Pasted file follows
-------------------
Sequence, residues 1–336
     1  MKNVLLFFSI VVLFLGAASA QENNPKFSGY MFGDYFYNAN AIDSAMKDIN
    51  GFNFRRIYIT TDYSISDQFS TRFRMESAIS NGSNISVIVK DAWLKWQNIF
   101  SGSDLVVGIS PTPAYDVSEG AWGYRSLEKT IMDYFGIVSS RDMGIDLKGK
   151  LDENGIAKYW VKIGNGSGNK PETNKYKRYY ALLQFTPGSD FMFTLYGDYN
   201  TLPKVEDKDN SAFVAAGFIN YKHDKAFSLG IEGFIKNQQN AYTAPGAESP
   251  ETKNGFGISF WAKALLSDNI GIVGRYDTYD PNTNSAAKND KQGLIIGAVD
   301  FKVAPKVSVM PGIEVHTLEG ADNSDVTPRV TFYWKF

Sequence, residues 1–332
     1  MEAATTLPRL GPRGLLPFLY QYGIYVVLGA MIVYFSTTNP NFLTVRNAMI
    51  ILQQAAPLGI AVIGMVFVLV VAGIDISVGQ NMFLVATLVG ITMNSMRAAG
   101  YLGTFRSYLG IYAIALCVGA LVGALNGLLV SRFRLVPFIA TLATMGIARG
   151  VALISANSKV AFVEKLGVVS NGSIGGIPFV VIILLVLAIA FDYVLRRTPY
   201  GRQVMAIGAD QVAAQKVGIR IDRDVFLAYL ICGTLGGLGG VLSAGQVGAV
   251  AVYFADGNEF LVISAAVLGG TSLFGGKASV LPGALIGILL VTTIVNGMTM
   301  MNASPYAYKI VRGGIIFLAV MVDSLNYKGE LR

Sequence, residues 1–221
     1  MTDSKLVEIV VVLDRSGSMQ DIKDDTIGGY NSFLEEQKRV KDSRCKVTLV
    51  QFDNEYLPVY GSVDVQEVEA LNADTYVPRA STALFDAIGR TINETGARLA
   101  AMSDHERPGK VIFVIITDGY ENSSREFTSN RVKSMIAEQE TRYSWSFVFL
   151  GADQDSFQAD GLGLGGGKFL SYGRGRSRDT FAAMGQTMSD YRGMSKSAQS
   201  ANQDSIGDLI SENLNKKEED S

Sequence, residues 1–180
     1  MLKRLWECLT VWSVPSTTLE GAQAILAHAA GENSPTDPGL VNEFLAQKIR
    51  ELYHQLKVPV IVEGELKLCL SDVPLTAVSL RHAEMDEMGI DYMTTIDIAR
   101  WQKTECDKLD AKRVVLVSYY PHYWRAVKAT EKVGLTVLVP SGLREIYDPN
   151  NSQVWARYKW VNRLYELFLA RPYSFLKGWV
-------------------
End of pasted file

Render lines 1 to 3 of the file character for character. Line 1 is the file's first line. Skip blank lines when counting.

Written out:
Sequence, residues 1–336
     1  MKNVLLFFSI VVLFLGAASA QENNPKFSGY MFGDYFYNAN AIDSAMKDIN
    51  GFNFRRIYIT TDYSISDQFS TRFRMESAIS NGSNISVIVK DAWLKWQNIF